The Supreme Court has agreed to assess whether current federal law prohibits discrimination based on sexual orientation and gender identity. A decision will be made in the next term. There are three cases on the docket to address these practices. The lower appellate Circuit Courts appear to be split on this issue. At the executive level, the Trump administration believes current federal law does not prohibit these types of discrimination. However, there is additional confusion because the current stance of the EEOC is that they are prohibited by Title VII, the federal law that prohibits discrimination based on, among other things, sex.
Beyond federal law, in New Jersey, that state’s Law Against Discrimination explicitly prohibits discrimination based on gender identity or affectional or sexual orientation. The waters are muddier in Pennsylvania. In 1975, Pennsylvania used executive orders to lead the nation in protecting the employment rights of the LGBT community by prohibiting discrimination in state employment decisions on the basis of sexual orientation. In 2003, gender identity was added to the list of protections. In 2016, Governor Wolf signed executive orders prohibiting discrimination against state employees based on sexual orientation, gender identity, and other factors and banning state contractors from discriminating against LGBT employees.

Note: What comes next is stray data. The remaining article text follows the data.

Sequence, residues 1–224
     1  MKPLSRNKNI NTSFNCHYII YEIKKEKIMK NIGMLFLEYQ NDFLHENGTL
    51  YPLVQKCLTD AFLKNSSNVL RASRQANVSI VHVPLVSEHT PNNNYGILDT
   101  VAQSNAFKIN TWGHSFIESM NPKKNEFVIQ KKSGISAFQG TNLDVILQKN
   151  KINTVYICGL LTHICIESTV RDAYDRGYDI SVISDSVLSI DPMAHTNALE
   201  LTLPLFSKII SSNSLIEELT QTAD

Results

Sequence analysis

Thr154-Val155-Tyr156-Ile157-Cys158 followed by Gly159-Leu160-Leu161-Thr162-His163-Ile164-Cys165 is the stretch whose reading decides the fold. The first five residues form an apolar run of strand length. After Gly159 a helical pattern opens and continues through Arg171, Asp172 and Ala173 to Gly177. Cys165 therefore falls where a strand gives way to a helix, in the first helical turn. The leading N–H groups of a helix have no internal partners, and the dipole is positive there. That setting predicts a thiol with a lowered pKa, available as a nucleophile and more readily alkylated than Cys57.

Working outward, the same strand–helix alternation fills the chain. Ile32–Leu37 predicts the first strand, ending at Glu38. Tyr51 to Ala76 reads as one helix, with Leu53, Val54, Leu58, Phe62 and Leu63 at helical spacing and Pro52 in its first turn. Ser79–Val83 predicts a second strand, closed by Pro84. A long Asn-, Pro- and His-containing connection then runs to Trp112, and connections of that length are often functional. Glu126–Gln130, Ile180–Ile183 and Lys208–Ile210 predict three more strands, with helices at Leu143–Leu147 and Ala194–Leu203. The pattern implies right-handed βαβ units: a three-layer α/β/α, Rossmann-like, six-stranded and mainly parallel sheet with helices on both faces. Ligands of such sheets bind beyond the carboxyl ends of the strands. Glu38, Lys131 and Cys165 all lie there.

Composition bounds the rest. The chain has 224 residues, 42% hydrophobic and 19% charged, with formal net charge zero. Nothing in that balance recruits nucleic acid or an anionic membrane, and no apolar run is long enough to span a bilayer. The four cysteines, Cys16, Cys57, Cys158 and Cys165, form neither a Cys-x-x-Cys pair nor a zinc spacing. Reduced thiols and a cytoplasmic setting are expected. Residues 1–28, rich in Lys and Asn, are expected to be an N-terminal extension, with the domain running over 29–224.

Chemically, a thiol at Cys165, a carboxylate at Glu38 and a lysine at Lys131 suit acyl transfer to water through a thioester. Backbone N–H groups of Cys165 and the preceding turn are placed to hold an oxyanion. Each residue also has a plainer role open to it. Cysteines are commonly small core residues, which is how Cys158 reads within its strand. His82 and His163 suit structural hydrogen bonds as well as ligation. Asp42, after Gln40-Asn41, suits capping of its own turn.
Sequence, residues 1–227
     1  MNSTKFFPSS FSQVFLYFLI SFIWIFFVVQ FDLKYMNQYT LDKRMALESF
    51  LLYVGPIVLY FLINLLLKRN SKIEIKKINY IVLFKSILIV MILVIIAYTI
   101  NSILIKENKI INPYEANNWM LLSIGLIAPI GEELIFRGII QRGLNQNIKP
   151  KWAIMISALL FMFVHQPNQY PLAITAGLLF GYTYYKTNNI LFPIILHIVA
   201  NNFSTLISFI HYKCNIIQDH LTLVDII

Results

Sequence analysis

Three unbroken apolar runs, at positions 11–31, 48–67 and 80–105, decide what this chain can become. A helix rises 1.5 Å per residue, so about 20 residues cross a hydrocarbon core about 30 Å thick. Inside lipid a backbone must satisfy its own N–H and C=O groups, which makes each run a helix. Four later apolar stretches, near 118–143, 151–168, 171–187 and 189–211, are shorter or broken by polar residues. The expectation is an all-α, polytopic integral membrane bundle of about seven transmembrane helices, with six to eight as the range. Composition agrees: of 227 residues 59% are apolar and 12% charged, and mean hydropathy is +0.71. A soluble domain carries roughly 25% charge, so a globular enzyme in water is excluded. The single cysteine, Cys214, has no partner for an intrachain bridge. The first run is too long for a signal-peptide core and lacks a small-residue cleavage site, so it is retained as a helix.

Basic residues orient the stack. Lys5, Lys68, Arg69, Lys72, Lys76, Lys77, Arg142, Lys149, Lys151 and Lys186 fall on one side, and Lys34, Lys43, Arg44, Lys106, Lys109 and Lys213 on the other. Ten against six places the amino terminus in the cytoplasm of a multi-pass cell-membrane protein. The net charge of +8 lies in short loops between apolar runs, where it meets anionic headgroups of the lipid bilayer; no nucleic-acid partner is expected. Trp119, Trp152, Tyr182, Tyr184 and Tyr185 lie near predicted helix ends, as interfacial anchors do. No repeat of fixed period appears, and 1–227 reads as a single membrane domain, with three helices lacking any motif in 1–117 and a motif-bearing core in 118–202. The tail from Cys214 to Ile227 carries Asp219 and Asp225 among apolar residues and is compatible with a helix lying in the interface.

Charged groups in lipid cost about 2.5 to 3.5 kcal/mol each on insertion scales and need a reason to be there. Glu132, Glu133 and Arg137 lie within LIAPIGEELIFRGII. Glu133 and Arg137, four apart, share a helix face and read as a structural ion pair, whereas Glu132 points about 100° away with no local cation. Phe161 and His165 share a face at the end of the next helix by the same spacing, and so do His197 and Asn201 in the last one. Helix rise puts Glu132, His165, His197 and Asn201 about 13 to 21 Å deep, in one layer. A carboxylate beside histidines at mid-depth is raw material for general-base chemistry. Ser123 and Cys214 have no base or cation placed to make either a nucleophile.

For over 10 years, legislation that would protect all Pennsylvania employees from discrimination based on sexual orientation or gender identity has awaited action in the Pennsylvania General Assembly. Many municipalities and counties within Pennsylvania have enacted ordinances implementing such discrimination protections, including in Philadelphia. Discrimination based on sexual orientation and gender identity has also recently been interpreted by the Pennsylvania Human Relations Commission as being banned under the Pennsylvania Human Relations Act. Members of the LGBT community who have been discriminated against in employment, housing, education, and public accommodations may file complaints with the Commission which investigates each complaint and can advise those responsible to stop a discriminatory practice, implement training, or award economic damages.
If you feel you have been discriminated against because of your sexual orientation, gender identity, or any other protected status including race, sex, religion, national origin, age, or disability, you need an experienced attorney to fight for your rights and damages. Call our firm today at (215) 567-1530.